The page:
“He’s misunderstanding,” said Sodemann, who expects the handbook will be completed soon. “This is nothing new. Every time we come to a negotiation year, we don’t have the contract settled by this time. We’re not sure of all the details yet.”
The board appears to be in a damned-if-they-do, damned-if-they-don’t position, according to one constitutional expert.
“If the Janesville School Board negotiates a contract that is not compliant with Act 10, it runs the risk of being sued by a taxpayer or a teacher that wishes to negotiate individually on terms that are not permissible topics for collective bargaining,” said Rick Esenberg, president of the Wisconsin Institute for Law and Liberty. “It also runs the risk of the contract being unlawful should the Dane County Circuit Court decision be reversed.”
Barry Forbes, associate executive director and staff counsel at the Wisconsin Association of School Boards, said most school boards, like Janesville’s, have refused to negotiate contracts post-Act 10.
“We’ve advised boards not to get into a protracted argument whether Colas’ decision applies to them or not. Or whether they can bargain something beyond what Act 10 allows,” Forbes told Wisconsin Reporter.
Government unions could instead take their case to the Wisconsin Employment Relations Commission, as JEA appears to be threatening.
Other legal action pending
Wisconsin Reporter obtained documents showing that, in December, the Kenosha Education Association and the Weyauwega-Fremont Education Association filed separate “prohibited practice complaints” with the Employment Relations Commission against their respective boards of education for “refus(ing) to bargain collectively with a majority of employees” under state statute.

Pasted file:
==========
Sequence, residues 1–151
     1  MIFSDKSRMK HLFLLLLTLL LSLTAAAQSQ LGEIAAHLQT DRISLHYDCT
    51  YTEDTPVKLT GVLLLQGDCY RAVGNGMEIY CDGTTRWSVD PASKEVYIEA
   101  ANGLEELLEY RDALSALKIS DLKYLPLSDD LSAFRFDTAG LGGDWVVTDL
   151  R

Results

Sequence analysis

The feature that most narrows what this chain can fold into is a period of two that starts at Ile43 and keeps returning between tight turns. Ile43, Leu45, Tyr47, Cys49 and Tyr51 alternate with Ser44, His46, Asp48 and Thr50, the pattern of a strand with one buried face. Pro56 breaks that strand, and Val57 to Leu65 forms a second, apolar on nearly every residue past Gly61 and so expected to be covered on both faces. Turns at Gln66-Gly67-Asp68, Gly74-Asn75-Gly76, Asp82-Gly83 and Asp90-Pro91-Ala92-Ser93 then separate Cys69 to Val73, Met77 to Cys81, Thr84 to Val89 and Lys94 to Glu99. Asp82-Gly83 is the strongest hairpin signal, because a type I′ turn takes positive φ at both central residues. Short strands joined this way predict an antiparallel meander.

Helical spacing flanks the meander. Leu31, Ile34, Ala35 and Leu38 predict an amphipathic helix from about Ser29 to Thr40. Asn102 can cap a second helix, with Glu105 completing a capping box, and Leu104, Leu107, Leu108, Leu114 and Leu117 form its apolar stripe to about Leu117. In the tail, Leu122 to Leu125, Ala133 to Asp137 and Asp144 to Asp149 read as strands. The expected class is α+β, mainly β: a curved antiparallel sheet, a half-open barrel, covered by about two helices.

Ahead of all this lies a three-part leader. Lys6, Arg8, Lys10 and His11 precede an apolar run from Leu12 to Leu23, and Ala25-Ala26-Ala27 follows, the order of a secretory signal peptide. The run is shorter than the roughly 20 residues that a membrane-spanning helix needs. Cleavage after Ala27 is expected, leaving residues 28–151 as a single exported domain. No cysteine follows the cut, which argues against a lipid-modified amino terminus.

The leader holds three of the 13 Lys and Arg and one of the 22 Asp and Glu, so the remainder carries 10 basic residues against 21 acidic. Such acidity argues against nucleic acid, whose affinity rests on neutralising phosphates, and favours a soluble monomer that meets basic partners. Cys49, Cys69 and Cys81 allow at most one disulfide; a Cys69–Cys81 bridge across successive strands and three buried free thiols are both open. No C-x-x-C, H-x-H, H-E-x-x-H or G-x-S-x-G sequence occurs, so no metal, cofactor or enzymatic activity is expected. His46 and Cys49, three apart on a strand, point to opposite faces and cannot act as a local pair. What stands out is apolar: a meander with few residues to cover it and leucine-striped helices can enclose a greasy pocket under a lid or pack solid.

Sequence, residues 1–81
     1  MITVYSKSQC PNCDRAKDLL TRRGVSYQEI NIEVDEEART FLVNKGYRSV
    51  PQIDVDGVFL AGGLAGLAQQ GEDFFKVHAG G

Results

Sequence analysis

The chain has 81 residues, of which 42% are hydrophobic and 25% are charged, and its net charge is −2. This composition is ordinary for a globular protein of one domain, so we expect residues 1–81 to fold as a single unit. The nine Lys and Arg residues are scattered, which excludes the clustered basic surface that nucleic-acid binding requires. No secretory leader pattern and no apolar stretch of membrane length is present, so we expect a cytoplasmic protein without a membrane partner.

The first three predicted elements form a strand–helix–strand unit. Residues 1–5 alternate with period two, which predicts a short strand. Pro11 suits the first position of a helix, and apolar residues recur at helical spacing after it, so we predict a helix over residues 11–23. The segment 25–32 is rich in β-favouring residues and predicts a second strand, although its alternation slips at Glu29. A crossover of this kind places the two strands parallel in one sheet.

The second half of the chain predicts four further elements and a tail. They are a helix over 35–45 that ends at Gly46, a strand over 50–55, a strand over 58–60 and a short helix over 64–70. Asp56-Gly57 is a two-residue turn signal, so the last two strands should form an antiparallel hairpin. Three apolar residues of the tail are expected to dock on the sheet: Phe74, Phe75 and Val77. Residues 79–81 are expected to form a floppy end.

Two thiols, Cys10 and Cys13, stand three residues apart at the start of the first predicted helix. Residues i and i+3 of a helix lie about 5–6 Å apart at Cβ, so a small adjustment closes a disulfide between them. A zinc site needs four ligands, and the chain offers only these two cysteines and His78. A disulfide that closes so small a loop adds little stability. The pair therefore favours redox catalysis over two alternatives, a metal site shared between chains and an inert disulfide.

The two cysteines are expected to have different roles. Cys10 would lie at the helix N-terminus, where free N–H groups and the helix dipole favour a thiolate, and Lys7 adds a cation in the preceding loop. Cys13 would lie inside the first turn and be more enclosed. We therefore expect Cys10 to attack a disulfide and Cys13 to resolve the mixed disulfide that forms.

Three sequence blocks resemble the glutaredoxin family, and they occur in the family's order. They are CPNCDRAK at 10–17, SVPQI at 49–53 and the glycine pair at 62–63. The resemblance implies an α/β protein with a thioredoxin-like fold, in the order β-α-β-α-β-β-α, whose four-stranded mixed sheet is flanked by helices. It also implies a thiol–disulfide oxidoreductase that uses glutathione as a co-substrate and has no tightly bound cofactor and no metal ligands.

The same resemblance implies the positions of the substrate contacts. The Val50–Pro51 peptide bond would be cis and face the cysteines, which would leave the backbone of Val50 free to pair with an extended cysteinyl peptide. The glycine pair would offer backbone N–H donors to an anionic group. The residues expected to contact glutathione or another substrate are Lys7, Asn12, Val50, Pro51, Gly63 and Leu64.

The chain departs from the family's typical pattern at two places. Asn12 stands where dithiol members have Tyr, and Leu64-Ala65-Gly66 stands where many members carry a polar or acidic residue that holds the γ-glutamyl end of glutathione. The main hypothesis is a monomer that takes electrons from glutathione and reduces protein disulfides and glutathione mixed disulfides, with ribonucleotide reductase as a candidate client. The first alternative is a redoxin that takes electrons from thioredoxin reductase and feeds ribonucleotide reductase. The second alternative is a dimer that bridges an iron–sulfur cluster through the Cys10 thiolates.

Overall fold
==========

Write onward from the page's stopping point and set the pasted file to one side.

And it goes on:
Both cases cite the Colas ruling as the basis for the complaint. In both cases, attorneys representing the school districts argued it was premature to negotiate new contracts while Act 10 is moving through legal system.
Peter Davis, general counsel for the commission, said Bayfield County and Marinette County unions also filed complaints based on the Colas ruling.
“Generally speaking, none of those cases have moved forward in the process in part or in whole because everybody was waiting to hear what the Court of Appeals had to say on that matter,” Davis said.
“People may have different views as to what the Court of Appeals decision holds. Some unions might decide they’re not willing to wait for the (final) decision. They might ask to proceed,” he said.
If a union decided to move forward, it could be at least four months before any decision comes from the commission, according to Davis.
The commission has ruled on a similar case regarding the uncertainty of Act 10 in the court system.
A previous “window of opportunity” used by unions to try to rush employers back to the bargaining table occurred in 2011 when a Dane County Circuit Court judge ruled Republicans had violated the state open meetings law when passing the bill. The state Supreme Court, in a narrow ruling, sided with Republican lawmakers, upholding Act 10.
The International Brotherhood of Electrical Workers Local 965 filed a complaint against the Public Utility Commission in Richland Center.
“That decision said that it was reasonable for the city of Richland Center to delay bargaining because they don’t know what the law is. I imagine in Janesville it’s a very similar circumstance,” said Forbes.